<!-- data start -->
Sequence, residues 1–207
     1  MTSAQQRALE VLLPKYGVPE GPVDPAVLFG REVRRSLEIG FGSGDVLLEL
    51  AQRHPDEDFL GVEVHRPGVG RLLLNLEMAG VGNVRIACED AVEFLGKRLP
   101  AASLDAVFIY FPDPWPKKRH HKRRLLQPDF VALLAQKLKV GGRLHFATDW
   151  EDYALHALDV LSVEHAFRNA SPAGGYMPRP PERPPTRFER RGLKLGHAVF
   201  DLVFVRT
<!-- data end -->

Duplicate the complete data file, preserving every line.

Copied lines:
Sequence, residues 1–207
     1  MTSAQQRALE VLLPKYGVPE GPVDPAVLFG REVRRSLEIG FGSGDVLLEL
    51  AQRHPDEDFL GVEVHRPGVG RLLLNLEMAG VGNVRIACED AVEFLGKRLP
   101  AASLDAVFIY FPDPWPKKRH HKRRLLQPDF VALLAQKLKV GGRLHFATDW
   151  EDYALHALDV LSVEHAFRNA SPAGGYMPRP PERPPTRFER RGLKLGHAVF
   201  DLVFVRT